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How tight should a collar be?

post #1 of 9
Thread Starter 
I tried doing a search, but my research skills are aparently lacking!

Anyway, my cats are strictly indoor and microchipped, but in the near future we will be moving down to the first floor of our house where escape is much easier. So we've put collars on the dynamic duo.

I'm afraid to make them too loose (don't want any paws or jaws stuck in them), they are safety collars, but I still don't want them to catch on anything. I'm also afraid to make them too tight and strangle them.

So, right now I can comfortably put a finger between the collar and their neck, possibly two fingers. Does that sound right, or should it be tighter?
post #2 of 9
One finger is good (if not supertight), but that's not what I see as a problem, it's the collar thing. Cats' necks are little and thin, and while safety collars are good, your cat ends up loose (or lost) if they get caught. What's much better is the '4-point' harness, the kind where a 2" strip of leather attaches the neck collar to a behind-front legs one and the leash (if used) snaps onto a ring on the back, so even if your cat gets hung up on a tree branch (as mine have done), the weight's taken not by the neck, but the second collar, and they can hang there for quite a while with no problem (and no strangling). Once the tummy 'collar' is fitted on, you don't ever have to undo it, as the cat will quickly learn to step in and out of it, and then you do up the neck part each time (and slide the whole thing off his back end once the neck part's undone).
post #3 of 9
i usually do 2 fingers, myself.
post #4 of 9
I use the 2 finger rule as well. A lot of cats will take to a collar MUCH better than a harness.
post #5 of 9
I wouldn't force a cat to wear a collar if it's indoor-only (particularly if it's microchipped), but I understand that some want to do that. But a harness for an indoor-only cat is too much.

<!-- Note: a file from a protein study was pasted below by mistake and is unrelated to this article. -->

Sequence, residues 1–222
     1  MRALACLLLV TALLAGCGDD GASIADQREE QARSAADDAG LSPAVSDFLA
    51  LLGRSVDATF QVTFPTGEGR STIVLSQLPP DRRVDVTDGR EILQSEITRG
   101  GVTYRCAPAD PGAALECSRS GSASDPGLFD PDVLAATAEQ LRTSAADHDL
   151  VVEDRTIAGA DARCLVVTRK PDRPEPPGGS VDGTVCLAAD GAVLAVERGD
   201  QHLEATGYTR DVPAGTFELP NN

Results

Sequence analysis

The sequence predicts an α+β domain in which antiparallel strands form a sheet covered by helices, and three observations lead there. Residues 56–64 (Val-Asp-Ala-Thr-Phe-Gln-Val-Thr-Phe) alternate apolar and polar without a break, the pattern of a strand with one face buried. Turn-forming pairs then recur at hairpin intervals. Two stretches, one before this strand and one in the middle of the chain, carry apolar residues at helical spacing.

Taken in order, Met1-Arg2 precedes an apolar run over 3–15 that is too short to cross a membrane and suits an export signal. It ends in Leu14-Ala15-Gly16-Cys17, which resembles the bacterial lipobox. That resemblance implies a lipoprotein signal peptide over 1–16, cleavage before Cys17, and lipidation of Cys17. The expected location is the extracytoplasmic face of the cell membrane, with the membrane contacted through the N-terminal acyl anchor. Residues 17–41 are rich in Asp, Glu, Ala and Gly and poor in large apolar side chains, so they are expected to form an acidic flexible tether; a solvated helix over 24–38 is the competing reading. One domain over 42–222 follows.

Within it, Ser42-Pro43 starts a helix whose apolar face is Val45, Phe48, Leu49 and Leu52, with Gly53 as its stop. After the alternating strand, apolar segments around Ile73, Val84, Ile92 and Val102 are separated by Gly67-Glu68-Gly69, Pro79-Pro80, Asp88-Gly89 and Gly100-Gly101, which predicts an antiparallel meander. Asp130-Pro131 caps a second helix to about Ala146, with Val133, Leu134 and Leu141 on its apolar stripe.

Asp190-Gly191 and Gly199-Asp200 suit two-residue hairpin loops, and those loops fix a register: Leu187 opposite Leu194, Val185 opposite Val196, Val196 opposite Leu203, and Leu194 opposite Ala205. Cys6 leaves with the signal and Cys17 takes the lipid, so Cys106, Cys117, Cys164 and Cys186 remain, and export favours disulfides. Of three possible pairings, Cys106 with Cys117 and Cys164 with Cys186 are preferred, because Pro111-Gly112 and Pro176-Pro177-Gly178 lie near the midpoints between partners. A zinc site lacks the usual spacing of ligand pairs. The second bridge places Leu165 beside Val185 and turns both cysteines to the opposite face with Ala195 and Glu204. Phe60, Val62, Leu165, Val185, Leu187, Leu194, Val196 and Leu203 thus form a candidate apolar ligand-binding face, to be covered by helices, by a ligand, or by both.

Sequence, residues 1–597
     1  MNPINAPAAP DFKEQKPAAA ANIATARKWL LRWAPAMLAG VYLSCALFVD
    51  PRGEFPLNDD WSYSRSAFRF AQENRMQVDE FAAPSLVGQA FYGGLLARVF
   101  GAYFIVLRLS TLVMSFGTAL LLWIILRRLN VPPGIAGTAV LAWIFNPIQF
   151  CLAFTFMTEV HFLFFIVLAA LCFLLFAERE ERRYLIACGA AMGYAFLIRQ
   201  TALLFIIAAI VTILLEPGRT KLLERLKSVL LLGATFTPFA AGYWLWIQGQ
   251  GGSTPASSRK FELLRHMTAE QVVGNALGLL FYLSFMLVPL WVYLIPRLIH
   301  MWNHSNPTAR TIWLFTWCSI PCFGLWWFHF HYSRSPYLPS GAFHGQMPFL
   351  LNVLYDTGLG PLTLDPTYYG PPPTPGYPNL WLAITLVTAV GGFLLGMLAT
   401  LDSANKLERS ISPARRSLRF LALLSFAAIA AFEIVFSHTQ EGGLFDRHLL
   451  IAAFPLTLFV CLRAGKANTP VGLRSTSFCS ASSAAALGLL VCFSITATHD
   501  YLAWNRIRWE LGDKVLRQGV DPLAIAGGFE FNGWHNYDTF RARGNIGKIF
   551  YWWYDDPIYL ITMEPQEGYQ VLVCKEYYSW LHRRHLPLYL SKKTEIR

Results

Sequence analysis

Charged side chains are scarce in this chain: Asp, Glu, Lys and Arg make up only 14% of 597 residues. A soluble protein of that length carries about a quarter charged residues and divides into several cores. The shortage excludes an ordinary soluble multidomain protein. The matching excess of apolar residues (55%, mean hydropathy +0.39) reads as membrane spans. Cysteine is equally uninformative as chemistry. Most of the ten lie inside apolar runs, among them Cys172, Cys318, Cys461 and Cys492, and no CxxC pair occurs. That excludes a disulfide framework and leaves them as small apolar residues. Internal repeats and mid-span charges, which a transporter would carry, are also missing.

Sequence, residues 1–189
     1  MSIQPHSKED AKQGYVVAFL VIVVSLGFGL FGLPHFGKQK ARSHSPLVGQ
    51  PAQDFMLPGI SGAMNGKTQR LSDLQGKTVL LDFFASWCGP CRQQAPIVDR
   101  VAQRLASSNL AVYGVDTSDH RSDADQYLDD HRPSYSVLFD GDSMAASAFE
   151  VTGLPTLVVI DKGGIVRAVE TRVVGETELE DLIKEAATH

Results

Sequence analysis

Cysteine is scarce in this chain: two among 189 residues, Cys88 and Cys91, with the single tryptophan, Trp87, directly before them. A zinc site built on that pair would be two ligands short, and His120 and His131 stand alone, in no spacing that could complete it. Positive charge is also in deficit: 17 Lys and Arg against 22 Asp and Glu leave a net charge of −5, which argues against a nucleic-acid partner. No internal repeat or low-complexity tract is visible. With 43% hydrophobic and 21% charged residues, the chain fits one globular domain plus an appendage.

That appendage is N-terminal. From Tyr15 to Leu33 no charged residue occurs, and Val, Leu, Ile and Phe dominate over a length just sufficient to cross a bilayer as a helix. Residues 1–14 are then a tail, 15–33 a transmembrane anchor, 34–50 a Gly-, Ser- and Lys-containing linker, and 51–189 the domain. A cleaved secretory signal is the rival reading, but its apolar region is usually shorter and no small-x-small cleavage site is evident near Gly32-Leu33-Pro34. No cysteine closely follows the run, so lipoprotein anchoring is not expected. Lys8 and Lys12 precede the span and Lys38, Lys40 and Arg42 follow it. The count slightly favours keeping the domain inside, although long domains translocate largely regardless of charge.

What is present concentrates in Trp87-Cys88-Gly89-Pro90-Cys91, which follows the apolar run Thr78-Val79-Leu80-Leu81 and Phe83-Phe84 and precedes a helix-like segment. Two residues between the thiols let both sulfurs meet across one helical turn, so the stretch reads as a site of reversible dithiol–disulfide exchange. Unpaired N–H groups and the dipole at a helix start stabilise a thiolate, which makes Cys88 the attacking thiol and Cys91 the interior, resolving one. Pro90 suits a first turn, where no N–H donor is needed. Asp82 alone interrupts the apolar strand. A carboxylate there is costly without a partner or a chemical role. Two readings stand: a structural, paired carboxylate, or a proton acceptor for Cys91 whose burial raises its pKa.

If the cat isn't going outside and isn't an escape artist, I'd err on the loose side in terms of tightness. Two fingers comfortably between collar and skin.
post #6 of 9
Thread Starter 
Great. I feel much better about it Stan is a bit of a door dodger, so I expect he will make it out at some point after we move downstairs. Out the back door...not so bad he has to jump an 8ft fence to get out (not that he couldn't, but it would take some doing). Out the front door, he's just feet away from a busy street.

I worry about him getting out the front, getting spooked and running off, hence the collar.

I have actually heard that it is not good to leave a harness on an unattended cat, plus they seem to be much more bothered by the harness than the simple collar.

You know, I thought I started this in Care and Grooming...I won't be a bit offended if a mod wants to move this thread over there.
post #7 of 9
I like the 2 finger rule for my girls too!
post #8 of 9
Moved as requested.

I work on the two finger rule and have never had a problem.
post #9 of 9
Quote:
Originally Posted by JellyBella View Post
I have actually heard that it is not good to leave a harness on an unattended cat, plus they seem to be much more bothered by the harness than the simple collar.
I agree, a breakaway collar is much safer. Harnesses don't come undone so if a cat gets caught somewhere they are stuck, whereas the collars just come off.
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